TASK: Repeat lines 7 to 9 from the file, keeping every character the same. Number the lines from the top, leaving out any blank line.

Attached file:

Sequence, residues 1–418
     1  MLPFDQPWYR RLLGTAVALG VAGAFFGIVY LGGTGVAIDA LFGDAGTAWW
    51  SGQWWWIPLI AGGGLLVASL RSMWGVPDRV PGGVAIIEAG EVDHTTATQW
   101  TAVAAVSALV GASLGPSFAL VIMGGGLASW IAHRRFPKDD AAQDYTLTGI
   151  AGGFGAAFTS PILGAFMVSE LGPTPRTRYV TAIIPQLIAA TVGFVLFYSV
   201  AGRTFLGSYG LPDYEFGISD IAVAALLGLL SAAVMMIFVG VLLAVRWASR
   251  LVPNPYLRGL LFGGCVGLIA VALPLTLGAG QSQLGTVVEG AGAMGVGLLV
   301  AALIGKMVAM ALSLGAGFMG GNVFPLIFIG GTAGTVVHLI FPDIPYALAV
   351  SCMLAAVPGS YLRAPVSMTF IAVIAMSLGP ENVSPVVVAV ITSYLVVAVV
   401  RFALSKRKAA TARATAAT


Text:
   251  LVPNPYLRGL LFGGCVGLIA VALPLTLGAG QSQLGTVVEG AGAMGVGLLV
   301  AALIGKMVAM ALSLGAGFMG GNVFPLIFIG GTAGTVVHLI FPDIPYALAV
   351  SCMLAAVPGS YLRAPVSMTF IAVIAMSLGP ENVSPVVVAV ITSYLVVAVV